Article at a Glance
• Our home’s air quality has a huge impact on our health.
• Improve your home’s air quality by identifying any potential contaminants like cigarette smoke, mold, radon, carbon monoxide, VOCs, and allergens.
We are used to worrying about poor air quality outside, but when was the last time you thought about the air quality inside your home?
We spend so much of our time indoors that the quality of air in our home can play a major role in our overall health. It isn’t uncommon for children to suffer from recurrent colds and illnesses due to mold or other allergens in the home. However, the effects of air contamination may also take years to manifest.
With the colder months on the horizon, we will all be spending a lot more time indoors. Now is a good time to take stock of our home’s air quality. Here are some good questions to ask.
Does anybody smoke in my home? Not only is smoking bad for the smoker, but it is also bad for those around them, particularly children. Secondhand smoke can cause cancer and respiratory problems.
Is there anywhere in my home where mold could grow? Mold loves wet and humid areas. Are there areas in your home where condensation frequently occurs? Do you have any leaks? Is your home’s humidity level high? Taking steps like buying a dehumidifier, investing in mold resistant products, cleaning out your gutters, and improving air flow in your home can help prevent mold from growing.
Mold affects people differently, but some common symptoms are headaches, fatigue, eye irritation, sore throat, shortness of breath, or a runny nose.
What is the radon level in my house? Radon is a radioactive gas that can cause cancer. In fact, it is the second leading cause of lung cancer in the United States. Radon comes from the natural decay of uranium in the soil. It gets into our homes when it moves up through the ground and then through any cracks or holes in your foundation. Once inside your house, it gets trapped and can build up to dangerous levels. It doesn’t matter if your house is old or new, or if it is well insulated or not, any house can have a problem with radon.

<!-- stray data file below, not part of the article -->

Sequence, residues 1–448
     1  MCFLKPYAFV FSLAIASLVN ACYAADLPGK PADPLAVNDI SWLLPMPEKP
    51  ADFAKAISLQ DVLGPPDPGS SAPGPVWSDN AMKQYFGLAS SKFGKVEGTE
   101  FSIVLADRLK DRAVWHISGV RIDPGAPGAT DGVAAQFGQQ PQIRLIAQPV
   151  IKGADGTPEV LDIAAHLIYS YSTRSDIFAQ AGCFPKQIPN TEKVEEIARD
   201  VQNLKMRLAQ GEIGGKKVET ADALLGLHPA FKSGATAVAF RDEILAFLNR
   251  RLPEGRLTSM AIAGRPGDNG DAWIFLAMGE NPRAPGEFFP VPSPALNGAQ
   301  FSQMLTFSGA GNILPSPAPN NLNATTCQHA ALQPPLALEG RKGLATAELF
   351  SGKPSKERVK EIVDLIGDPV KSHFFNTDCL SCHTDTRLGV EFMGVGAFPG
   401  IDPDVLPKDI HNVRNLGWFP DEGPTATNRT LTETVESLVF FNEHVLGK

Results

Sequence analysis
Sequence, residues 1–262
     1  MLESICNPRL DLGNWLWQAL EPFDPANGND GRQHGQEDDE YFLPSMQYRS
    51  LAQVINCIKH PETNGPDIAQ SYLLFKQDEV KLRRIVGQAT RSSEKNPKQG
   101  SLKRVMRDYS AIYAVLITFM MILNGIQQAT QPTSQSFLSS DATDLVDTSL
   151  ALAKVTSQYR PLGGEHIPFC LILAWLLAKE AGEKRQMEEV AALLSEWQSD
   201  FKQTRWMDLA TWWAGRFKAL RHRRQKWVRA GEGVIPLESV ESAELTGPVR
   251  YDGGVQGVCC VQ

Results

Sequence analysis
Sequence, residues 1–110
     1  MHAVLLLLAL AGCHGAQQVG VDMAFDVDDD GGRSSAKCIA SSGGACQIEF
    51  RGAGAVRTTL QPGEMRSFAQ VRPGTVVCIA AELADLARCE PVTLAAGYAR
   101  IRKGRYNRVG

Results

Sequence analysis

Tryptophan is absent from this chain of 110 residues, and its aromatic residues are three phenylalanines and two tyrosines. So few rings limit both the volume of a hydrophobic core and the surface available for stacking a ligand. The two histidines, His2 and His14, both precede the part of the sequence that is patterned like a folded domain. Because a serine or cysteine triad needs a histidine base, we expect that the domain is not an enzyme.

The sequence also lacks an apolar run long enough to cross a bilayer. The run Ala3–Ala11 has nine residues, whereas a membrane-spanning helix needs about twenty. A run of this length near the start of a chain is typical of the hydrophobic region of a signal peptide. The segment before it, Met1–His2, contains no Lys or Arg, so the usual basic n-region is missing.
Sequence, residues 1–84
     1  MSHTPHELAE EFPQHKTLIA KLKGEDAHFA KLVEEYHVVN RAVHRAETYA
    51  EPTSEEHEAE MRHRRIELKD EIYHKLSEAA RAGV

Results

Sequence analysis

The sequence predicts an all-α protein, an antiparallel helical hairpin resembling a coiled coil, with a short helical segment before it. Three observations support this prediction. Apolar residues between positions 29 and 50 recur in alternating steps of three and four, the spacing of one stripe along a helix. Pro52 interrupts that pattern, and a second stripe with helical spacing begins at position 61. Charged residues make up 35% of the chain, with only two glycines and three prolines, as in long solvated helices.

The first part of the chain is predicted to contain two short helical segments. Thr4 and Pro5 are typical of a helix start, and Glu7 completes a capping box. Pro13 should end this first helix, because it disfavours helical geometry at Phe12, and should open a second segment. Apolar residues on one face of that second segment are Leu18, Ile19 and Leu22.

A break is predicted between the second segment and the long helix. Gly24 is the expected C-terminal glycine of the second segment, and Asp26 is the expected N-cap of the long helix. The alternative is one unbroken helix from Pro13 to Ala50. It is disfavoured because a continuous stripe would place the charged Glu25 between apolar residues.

Testing is easy and inexpensive. Many hardware stores carry test kits. For more information on how to test your home, visit www.epa.gov/radon/how-do-i-get-radon-test-kit-are-they-free.
Do I have a carbon monoxide detector in my house? Carbon monoxide is a toxic gas that is odorless, tasteless, and colorless. The initial symptoms of carbon monoxide poisoning include dizziness, fatigue, disorientation, and nausea. Higher levels of exposure can lead to death. Because carbon monoxide is difficult to detect, experts recommend installing a carbon monoxide detector in your home. It is an inexpensive way to protect your family.
Other ways to protect you and your family include never using grills or portable generators indoors, never leave your car running in an attached garage, and teaching your children to get to fresh air immediately if they start to feel dizzy or weak.
Where do I store my paints, cleaning supplies, and pesticides? These chemicals are called volatile organic compounds. They can cause eye, nose, and throat irritation in small quantities. In large quantities they can cause damage to the liver and kidneys, central nervous system problems, and cancer. The US Environmental Protection Agency (EPA) has found levels of VOCs to be 2 to 5 times higher inside homes than outside. During and following certain activities like paint stripping, the levels may be 1,000 times higher.
It is recommended that you store VOCs out of the reach of children and pets and in a secure, well-ventilated place outside the home. Make sure you always use these products in a well-ventilated area. Buy and store only what you need and never mix household products unless instructed to do so on the label.
Am I taking steps to eliminate the pollutants in my home? Over time things like dust, mold, and pet dander can build up and cause asthma problems. Cleaning your floor regularly with a vacuum with a HEPA filter will help filter out toxins and allergens instead of blowing them back into the air. Mopping will help you pick up anything the vacuum missed. Regularly replacing your air-conditioning filter can also help filter out pollutants in your home.
A floor mat in front of any doors into your home or a “no shoes” policy helps prevent pollutants from coming into your home.
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